Books: James Crumley, 1939-2008


Word comes that James Crumley has died of congestive heart failure. At least one of his novels, The Last Good Kiss earned him a seat at the table with Dashiell Hammett and Raymond Chandler, and another, Dancing Bear, is for me one of the best American novels of the last fifty years.
A lot of us have the first line of The Last Good Kiss memorized, like the opening of Moby Dick or Pride and Prejudice: “When I finally caught up with Abraham Trahearne, he was drinking beer with an alcoholic bulldog named Fireball Roberts in a ramshackle joint just outside of Sonora, California, drinking the heart right out of a fine spring afternoon.” – But it’s Dancing Bear that haunts me as a picture of lonely America in the closing years of the last century. It is also very funny and sometimes poetic and very violent and very sad.
The critics’ darling, Cormac McCarthy, covers some of the same violent ground, but doesn’t tell you anything you don’t already suspect about debased human nature; despite the poetry, there isn’t anything in No Country for Old Men or Blood Meridian you couldn’t learn elsewhere, and the Oprah bestseller The Road was a rehash of every genre post apocalypse novel from Jack London’s “The Scarlet Plague” to Brian K. Vaughn’s Y: The Last Man, and you’ll have a much better time reading Y. McCarthy and James Elroy have become splatterporn for the literati, assigned by professors as exemplary instruction for the na├»ve. "America was never innocent,” Ellroy scowls in American Tabloid We popped our cherry on the boat over and looked back with no regrets."

Violence is as American as apple pie, but you need a great soul for it to become tragedy, and that’s what Crumley’s books provide with narrators like C. W. in Kiss and Milo in Dancing Bear. Without a soulful witness, as in the heartless landscapes of McCarthy, Ellroy, and your average slasher film, suffering has no meaning, the dead are left unburied and unmourned as Antigone’s brothers. Crumley looks back more often than Lot's wife, and is all about the regret.
The “dancing bear” of the title might refer to the Indian myth invented for the opening chapter, telling how the bears taught native tribes to gather sweetness from the bee, or it might be a section of forest near the Dancing Bear River stolen from the natives by Milo’s grandfather, and endangered by corporate polluters (“pollution” being our era’s euphemism for poisoning someone else’s earth and water), or it might be the hide of a grizzly killed by poachers, or it might be Milo himself, kept hopping like a circus bear trained to “dance” by making him walk on a hot metal plate.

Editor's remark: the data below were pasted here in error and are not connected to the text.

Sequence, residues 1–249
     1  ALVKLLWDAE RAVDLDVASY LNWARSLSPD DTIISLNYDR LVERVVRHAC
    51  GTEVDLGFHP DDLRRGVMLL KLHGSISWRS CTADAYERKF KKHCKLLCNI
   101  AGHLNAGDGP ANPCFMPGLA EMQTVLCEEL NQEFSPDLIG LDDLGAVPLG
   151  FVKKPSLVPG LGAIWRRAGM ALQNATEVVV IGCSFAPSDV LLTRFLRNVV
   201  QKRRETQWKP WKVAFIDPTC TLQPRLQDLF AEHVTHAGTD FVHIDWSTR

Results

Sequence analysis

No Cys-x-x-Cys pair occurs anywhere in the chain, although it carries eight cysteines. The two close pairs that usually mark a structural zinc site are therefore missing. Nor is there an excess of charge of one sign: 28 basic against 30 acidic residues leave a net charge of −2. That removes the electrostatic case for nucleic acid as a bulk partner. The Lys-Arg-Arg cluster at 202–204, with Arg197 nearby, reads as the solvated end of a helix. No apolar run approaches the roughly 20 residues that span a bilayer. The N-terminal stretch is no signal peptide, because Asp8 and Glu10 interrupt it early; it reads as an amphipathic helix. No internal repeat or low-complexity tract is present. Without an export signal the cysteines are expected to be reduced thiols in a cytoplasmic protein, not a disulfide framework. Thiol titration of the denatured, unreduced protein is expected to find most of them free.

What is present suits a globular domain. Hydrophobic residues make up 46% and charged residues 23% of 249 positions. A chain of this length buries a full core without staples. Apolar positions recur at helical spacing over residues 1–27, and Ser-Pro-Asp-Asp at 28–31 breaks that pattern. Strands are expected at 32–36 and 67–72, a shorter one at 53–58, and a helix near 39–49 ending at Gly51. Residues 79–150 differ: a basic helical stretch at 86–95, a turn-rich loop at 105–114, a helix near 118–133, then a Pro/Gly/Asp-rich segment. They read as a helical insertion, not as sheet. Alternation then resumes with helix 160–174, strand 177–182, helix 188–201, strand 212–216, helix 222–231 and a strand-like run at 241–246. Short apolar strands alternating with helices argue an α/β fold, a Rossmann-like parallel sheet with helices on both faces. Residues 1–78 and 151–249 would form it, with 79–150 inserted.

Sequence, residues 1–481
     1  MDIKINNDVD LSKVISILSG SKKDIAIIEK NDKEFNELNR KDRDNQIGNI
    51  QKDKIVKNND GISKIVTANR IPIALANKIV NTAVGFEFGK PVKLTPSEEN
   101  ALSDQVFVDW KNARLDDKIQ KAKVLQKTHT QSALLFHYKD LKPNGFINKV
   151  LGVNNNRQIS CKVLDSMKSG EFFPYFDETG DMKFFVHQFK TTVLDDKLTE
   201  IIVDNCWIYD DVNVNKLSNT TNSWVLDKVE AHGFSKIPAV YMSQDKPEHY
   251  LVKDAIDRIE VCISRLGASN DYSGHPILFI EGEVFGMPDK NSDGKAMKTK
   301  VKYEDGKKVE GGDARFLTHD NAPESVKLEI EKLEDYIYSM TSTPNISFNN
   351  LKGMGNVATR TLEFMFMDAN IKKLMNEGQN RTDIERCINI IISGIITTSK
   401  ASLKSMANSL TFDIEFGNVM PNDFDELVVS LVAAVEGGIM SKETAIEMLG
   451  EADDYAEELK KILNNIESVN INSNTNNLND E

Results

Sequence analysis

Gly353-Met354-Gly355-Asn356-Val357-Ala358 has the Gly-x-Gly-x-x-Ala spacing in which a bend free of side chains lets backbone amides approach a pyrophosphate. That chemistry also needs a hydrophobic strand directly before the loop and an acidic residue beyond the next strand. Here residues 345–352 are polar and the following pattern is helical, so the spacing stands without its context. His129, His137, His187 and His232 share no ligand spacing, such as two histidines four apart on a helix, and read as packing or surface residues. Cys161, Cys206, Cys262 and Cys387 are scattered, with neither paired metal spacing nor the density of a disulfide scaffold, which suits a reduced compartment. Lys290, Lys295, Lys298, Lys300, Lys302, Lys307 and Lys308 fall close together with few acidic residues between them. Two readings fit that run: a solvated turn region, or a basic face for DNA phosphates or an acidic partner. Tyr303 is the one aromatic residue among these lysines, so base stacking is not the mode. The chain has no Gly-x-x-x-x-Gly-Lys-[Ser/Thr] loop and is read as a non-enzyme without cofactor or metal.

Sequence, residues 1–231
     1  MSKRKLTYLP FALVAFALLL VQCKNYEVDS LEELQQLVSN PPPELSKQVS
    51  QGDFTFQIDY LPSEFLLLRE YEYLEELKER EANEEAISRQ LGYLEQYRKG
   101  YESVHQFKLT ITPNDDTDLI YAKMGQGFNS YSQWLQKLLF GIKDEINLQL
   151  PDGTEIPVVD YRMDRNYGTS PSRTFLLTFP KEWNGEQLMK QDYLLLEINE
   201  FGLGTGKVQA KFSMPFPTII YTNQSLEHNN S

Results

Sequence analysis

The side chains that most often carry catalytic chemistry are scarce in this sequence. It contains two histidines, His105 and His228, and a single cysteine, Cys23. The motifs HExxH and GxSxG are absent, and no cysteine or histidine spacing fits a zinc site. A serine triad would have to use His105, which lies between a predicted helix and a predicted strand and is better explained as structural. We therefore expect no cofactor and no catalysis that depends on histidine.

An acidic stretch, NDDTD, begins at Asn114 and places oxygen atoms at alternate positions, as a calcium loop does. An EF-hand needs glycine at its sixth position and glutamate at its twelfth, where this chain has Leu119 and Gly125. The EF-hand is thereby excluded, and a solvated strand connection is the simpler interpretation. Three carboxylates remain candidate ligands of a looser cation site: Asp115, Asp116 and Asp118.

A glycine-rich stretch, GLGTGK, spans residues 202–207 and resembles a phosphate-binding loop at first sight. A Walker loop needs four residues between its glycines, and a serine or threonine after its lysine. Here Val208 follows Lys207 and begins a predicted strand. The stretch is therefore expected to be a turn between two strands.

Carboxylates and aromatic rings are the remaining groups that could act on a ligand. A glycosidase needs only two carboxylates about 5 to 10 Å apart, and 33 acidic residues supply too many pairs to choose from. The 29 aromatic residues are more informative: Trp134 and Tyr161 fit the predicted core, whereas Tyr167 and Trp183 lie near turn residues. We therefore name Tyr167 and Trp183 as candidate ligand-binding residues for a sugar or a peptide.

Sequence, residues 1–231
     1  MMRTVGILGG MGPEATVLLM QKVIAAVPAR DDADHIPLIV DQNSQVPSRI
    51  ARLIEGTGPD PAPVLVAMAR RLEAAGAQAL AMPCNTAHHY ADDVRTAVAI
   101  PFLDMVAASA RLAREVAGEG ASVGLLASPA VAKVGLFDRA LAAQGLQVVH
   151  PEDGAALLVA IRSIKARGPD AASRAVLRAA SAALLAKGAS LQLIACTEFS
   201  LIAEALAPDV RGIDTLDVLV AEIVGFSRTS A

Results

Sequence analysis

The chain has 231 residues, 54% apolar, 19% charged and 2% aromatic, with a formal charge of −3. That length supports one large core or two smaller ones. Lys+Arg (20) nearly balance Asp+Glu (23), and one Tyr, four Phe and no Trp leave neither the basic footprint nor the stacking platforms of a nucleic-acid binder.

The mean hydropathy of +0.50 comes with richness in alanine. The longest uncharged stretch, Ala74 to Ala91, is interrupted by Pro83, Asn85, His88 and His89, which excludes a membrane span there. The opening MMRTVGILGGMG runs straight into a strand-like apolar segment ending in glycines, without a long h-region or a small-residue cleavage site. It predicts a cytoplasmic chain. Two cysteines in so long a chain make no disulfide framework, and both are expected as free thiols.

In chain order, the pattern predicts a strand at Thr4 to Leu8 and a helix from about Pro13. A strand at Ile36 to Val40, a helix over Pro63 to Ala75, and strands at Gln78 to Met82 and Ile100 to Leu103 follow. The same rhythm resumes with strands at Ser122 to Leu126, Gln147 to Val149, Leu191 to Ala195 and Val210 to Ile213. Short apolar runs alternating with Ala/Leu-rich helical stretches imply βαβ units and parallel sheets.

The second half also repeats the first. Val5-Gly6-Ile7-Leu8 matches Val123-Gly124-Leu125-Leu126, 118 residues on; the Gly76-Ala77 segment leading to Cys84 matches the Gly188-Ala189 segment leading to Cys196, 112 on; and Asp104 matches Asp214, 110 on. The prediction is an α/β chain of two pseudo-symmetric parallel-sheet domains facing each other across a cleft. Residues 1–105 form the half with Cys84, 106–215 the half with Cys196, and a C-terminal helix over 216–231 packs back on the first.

The later adventures of Milo and C.W., in Bordersnakes and The Mexican Tree Duck sometimes teeter on self-parody— the New York Times in a snide review, called the setting “a Montana demimonde undreamed of in the philosophies of Dale Evans”-- but then, The Thin Man and The Little Sister aren’t as good as Red Harvest or The Long Goodbye. For a while there, in The Last Good Kiss, The Wrong Case and the war novel One to Count Cadence, James Crumley crafted very good books, and in Dancing Bear he made a great one.

My neighbor the detective, who knew Crumley out West and told me about his death, has Crumley stories to tell, but my favorite is from the Chicago Sun-Times. Crumley showed up late for a reading once and apologized, explaining, "I lost my watch."
"Any idea where?" he was asked.
"Yeah," Crumley said. "I threw it out a car window in El Paso in 1978."

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